On 11 March 2019, representatives of more than 700 Cambodian families who were violently displaced to make way for a sugar plantation have filed a formal complaint with the UK NCP against Bonsucro, the sugar industry’s sustainability certification body, for breaches of the OECD Guidelines for Multinational Enterprises (Guidelines). The complainants allege that Bonsucro failed to hold a member company, Mitr Phol, accountable after the Thai sugar giant grabbed their land and left them homeless and destitute. Bonsucro is headquartered in the United Kingdom and has operations that span the globe.
The complaint was filed on behalf of the Cambodian families by the U.S. organization Inclusive Development International and the Cambodian organizations Equitable Cambodia and the Cambodian League for the Promotion and Defense of Human Rights (LICADHO).
Complainants assert that families were forced off their land to make way for Mitr Phol’s sugarcane plantations between 2008 and 2009. Those who sought to defend their rights were jailed. The families have endured more than a decade of impoverishment and related hardships as a result of the land seizures. Complainants assert that although the Thai National Human Rights Commission found Mitr Phol responsible for the land grab and called upon the company to “correct and remedy the impacts,” Mitr Phol has refused to provide any form of compensation to the Cambodian families.
Representatives of the evicted families submitted a complaint against Mitr Phol to Bonsucro’s grievance mechanism in 2011. A year later, the Thai company withdrew from Bonsucro rather than address the complaint. In 2015, Bonsucro quietly reinstated Mitr Pohl and never restarted the complaint process. Inclusive Development International, Equitable Cambodia and LICADHO filed another complaint in 2016, which Bonsucro’s board dismissed in December 2018 on the grounds that it had not received “cogent evidence that…Mitr Phol breached the terms of Bonsucro’s Code of Conduct in place at the time.”
Relevant OECD Guidelines
- Chapter II
- Chapter II Paragraph A10
- Chapter II Paragraph A12
- Chapter IV
- Chapter IV Paragraph 3
- Chapter IV Paragraph 4
- Chapter IV Paragraph 5
- Chapter IV Paragraph 6
On 25 September 2019, the UK NCP issued an initial assessment accepting the complaint . The NCP noted that a precise definition of multinational enterprises is not required for the purpose of the Guidelines and that it considered that the Guidelines apply to Bonsucro as a company with member organisations established in more than one country.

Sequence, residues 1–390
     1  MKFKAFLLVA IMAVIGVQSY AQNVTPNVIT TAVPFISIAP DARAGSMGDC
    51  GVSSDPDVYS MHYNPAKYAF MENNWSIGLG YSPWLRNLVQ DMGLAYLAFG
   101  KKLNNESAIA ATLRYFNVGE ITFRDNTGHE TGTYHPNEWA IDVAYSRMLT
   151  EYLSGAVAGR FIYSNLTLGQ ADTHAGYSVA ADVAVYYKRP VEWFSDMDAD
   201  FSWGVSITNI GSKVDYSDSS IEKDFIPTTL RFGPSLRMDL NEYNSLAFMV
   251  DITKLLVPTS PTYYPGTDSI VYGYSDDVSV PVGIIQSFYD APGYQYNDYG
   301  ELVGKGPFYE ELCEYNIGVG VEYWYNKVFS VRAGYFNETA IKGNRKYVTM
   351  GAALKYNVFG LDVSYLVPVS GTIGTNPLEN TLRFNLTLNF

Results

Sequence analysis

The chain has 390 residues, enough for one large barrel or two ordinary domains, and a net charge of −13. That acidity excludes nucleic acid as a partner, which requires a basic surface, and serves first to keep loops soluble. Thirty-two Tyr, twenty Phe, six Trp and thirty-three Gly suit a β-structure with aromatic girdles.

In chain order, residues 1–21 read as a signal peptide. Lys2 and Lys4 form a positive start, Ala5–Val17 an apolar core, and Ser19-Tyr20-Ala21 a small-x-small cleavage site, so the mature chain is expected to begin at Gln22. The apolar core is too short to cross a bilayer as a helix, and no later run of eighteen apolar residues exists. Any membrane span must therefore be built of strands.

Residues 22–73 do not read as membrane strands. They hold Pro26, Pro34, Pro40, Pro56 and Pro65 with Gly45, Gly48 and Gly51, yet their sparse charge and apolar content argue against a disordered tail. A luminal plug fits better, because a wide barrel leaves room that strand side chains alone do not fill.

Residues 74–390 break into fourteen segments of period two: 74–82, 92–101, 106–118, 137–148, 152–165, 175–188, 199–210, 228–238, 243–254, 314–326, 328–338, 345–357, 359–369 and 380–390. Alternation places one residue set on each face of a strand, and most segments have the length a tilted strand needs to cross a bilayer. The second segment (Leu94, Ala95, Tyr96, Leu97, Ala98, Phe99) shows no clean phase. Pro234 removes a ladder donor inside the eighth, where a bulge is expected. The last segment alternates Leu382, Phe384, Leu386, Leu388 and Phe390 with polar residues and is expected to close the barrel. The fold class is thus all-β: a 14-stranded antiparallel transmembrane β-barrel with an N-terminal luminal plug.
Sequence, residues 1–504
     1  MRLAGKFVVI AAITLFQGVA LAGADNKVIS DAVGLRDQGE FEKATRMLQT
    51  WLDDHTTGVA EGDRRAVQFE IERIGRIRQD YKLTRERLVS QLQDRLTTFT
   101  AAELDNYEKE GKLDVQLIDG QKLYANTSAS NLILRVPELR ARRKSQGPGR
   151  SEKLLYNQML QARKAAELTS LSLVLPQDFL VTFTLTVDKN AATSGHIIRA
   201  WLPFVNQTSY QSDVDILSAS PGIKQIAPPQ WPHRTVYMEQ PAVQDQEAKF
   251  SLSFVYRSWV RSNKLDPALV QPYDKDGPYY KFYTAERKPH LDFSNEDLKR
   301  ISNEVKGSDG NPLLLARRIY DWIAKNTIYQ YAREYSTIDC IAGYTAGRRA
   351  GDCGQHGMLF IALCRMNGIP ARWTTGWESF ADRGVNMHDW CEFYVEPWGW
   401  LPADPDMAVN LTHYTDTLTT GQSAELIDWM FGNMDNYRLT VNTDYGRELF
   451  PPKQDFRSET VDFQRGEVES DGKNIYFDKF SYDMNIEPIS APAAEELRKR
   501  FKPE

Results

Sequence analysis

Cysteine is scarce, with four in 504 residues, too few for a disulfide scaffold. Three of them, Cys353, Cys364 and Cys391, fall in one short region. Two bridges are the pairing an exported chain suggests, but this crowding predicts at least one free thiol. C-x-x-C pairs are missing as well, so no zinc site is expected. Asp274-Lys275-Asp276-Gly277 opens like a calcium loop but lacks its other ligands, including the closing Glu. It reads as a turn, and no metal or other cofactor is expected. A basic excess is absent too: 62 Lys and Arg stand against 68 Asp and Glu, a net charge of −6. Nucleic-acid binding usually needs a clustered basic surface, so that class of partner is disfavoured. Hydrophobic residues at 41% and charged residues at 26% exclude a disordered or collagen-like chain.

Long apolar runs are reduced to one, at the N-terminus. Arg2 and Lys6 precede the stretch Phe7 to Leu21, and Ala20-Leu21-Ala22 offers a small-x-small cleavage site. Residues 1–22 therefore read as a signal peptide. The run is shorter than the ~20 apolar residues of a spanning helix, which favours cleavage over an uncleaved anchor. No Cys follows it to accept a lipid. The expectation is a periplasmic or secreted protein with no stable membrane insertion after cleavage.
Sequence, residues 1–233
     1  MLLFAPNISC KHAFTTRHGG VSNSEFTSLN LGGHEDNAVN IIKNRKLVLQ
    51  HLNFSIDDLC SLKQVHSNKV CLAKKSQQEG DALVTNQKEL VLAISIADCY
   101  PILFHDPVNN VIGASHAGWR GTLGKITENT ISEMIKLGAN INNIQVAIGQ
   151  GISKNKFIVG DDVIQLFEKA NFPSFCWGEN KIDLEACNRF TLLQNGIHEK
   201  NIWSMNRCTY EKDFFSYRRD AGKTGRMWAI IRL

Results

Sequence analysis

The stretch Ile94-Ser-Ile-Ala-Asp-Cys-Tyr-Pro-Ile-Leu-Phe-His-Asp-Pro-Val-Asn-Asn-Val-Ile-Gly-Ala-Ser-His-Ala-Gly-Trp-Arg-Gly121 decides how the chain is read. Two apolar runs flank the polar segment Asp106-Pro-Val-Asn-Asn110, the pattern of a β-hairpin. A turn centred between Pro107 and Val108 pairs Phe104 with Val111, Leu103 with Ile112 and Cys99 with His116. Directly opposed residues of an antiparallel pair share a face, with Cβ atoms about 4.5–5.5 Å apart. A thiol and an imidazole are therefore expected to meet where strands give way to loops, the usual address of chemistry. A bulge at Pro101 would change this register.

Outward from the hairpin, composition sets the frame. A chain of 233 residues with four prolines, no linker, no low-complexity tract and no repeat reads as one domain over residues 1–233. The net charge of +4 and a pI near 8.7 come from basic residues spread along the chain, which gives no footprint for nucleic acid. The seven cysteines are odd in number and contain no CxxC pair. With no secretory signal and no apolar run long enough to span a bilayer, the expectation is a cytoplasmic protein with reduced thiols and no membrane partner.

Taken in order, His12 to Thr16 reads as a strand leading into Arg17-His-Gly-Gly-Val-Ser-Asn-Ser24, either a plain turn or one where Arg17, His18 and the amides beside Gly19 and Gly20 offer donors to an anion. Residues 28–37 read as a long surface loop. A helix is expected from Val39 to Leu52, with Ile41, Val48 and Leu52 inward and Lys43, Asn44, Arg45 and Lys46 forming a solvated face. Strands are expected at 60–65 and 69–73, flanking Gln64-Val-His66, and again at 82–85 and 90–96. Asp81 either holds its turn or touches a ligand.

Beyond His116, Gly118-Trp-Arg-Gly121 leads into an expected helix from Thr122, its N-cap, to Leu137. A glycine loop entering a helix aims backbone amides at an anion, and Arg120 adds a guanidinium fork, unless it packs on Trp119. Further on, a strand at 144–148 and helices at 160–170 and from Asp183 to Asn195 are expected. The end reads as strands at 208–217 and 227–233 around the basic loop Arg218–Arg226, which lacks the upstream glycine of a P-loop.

The NCP then formally asked the parties whether they were willing to engage in a mediation/conciliation process, with the aim of agreeing how the issues identified could be successfully addressed.
Mediation between the parties took place in 2020, however, the parties did not come to an agreement. The UK NCP then conducted further investigation on the complaint.
On 11 January 2022, the UK NCP released its final statement, which stated that Bonsucro not complied with the standards in the Guidelines. The NCP found:
- That Bonsucro was a multinational enterprise covered by the Guidelines;
- That it was directly linked to the harms due to its business relationship with the parent company that pays dues and reaps reputational benefits;
- That because the harms were outstanding once Mitr Phol became a member of Bonsucro, and Bonsucro was aware of them, it had leverage to address them after 2011.
- That as a membership organisation, Bonsucro does have leverage over its members and failed to use its leverage appropriately with Mitr Phol when it readmitted it.
- That Bonsucro did not undertake an appropriate level of due diligence (asking new members to fill out a self-assessment questionnaire) for the context of its operations.
This is the first NCP complaint about an MSI to produce a final statement. The UK NCP request an update from the two parties in 2023.